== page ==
The industrial revolution was one of the biggest cataclysms in European history. Between 1790 and 1850, the countryside rapidly depopulated. Huge masses of people flooded into cities for factory work, living cheek-by-jowl in unhygienic slums.
In Britain, the government could barely keep up with the spirit of laissez-faire capitalism. There were almost no restrictions on child labour, working hours, or safety in the workplace. And, if progressive legislation was proposed, newly emboldened capitalists often resisted it as an imposition on their freedom – and their profits.
The social disruption caused by industrialisation was a nightmare for many poor and working-class people but an immense opportunity for novelists. The new cities had never been represented in fiction, and unless one lived in Liverpool or Leeds, the average person had only a dim understanding of what was taking place there.
The stories of their inhabitants, lurid with poverty and related social ills (such as child death, disease, and alcoholism), were begging to be told. Many authors firmly believed in the novel’s power to raise consciousness and foster political change by documenting these unsightly realities.
Elizabeth Gaskell lived in Manchester. At the centre of the global trade in cotton, the city was the subject of Fredrick Engels’ scathing attack on British capitalism, The Condition of the Working Class in England (1842-44). Manchester was also a stronghold of Chartism, a working-class movement that sought radical political reform.
Gaskell built her first novel, Mary Barton: A Tale of Manchester Life (1848), around the Chartist riots, but she is best remembered today for North and South (1854). The novel is a sensitive, complex, and controversial account of the many tensions that were tearing Britain apart in the heart of the 19th century.
The title of the story alludes to the growing gap between the industrial north and the agrarian south in Britain, the former a hotbed of working-class restlessness, the latter the traditional seat of order and power.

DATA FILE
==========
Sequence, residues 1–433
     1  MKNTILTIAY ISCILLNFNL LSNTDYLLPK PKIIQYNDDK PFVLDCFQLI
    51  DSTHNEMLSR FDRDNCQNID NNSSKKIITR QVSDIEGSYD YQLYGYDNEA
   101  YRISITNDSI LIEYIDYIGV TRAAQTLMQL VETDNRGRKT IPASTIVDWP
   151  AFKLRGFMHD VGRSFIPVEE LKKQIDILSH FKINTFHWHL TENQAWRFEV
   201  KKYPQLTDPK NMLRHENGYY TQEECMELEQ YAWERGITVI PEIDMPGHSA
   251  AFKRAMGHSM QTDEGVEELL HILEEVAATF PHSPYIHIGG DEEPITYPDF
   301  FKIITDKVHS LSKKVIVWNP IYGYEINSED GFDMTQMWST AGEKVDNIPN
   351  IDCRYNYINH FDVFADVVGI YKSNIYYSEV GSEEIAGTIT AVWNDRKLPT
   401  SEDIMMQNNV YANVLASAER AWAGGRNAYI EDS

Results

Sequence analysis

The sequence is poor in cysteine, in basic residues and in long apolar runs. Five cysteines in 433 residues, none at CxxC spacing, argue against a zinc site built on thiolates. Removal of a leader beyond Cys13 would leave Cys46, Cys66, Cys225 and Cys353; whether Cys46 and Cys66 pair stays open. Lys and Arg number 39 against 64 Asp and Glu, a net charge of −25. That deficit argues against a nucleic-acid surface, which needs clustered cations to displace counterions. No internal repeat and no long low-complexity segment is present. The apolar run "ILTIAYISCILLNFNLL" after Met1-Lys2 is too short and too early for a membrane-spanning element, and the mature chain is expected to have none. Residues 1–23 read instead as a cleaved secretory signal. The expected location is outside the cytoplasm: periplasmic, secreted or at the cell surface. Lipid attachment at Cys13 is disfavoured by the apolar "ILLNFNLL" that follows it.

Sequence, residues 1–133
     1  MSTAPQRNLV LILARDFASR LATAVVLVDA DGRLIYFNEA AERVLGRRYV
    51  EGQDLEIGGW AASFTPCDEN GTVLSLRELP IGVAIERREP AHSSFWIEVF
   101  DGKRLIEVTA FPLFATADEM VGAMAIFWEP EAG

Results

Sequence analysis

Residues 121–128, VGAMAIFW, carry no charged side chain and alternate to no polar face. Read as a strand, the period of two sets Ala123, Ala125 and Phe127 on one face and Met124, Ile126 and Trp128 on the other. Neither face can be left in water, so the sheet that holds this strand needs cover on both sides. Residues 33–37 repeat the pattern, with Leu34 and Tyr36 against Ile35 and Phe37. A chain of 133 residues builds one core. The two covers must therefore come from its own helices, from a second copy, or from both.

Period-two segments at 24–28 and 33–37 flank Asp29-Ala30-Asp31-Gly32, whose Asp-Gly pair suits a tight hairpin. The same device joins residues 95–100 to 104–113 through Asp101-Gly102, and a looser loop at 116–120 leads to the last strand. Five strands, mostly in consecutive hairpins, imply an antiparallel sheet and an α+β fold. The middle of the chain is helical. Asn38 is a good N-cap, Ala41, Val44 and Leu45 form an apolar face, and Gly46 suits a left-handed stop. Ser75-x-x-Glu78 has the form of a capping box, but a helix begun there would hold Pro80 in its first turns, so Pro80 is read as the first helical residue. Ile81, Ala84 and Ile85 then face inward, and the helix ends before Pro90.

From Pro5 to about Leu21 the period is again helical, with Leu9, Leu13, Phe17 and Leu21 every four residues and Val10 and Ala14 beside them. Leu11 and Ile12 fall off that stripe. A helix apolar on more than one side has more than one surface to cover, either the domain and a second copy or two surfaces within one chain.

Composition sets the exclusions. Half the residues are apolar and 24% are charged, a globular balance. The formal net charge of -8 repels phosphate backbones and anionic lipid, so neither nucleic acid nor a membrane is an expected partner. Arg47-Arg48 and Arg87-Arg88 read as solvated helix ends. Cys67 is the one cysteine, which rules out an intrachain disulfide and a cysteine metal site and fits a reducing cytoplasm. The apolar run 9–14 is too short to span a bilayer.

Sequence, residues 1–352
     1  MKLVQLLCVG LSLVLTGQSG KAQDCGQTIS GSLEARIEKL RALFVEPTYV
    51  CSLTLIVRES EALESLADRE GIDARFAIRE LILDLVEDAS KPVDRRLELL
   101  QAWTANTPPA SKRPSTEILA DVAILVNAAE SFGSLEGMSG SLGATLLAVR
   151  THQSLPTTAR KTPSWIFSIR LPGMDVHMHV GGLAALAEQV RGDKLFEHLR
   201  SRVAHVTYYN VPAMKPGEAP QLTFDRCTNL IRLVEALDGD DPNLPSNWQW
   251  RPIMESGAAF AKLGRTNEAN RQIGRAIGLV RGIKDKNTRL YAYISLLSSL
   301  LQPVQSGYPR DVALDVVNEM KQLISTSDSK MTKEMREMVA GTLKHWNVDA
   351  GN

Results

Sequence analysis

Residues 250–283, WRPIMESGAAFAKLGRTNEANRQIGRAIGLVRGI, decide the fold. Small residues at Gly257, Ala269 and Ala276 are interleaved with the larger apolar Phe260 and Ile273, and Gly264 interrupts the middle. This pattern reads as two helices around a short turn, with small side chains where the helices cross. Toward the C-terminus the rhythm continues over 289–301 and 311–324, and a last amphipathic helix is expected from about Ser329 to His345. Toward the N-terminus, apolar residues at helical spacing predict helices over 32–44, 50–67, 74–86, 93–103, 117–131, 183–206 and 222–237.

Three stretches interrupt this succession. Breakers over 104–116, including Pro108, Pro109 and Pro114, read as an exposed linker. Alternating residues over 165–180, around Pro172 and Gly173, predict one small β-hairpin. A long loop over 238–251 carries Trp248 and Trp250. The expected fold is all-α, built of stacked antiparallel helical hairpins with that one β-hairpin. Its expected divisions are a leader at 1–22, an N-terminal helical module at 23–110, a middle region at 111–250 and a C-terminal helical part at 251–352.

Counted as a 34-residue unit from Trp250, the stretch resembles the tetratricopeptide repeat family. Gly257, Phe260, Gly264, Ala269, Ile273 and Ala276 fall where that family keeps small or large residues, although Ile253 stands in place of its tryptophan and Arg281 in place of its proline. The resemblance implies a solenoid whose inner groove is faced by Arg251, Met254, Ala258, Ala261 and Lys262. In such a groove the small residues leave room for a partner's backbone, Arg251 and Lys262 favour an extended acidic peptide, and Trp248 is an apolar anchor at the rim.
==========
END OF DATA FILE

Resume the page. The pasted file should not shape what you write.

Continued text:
When we first meet her, Margaret Hale, the protagonist of the novel, is fully southern in character and sensibility. Like the Jane Austen heroine Elizabeth Bennet, she comes from the lowest rung of the highest class, her father being a poor but genteel clergyman in the Anglican church. Not wishing to marry for money, Margaret begins the novel by rejecting a marriage proposal from the eligible brother of her cousin’s fiancé.
We expect a Pride and Prejudice-style story to ensue, and the opening chapters are even set in Hampshire, the southern county that was fast becoming synonymous with Austen.
However, the narrative takes a dramatic turn when Margaret’s father reveals that he is unable to pledge his allegiance to the 39 Articles of the Anglican Church due to spiritual “doubts”. (Gaskell was a Unitarian, and Hale might share her reluctance to endorse the unity of Trinity or the divinity of Christ.)
This refusal forces him to forfeit his position in the clergy and hustle off his family to Milton-Northern, a fictionalised Manchester. He hopes to earn money there as a tutor to industrialists seeking to burnish their new fortunes with the shine of a little culture.
The move devastates Margaret, not only because she fears for her father’s salvation and her fragile mother’s health, but also because she is sheltered and a snob. “I don’t like shoppy people,” she says early in the novel, summarily dismissing anyone contaminated by trade.
I’m sure you don’t want me to admire butchers and bakers, and candlestick-makers, do you, mamma?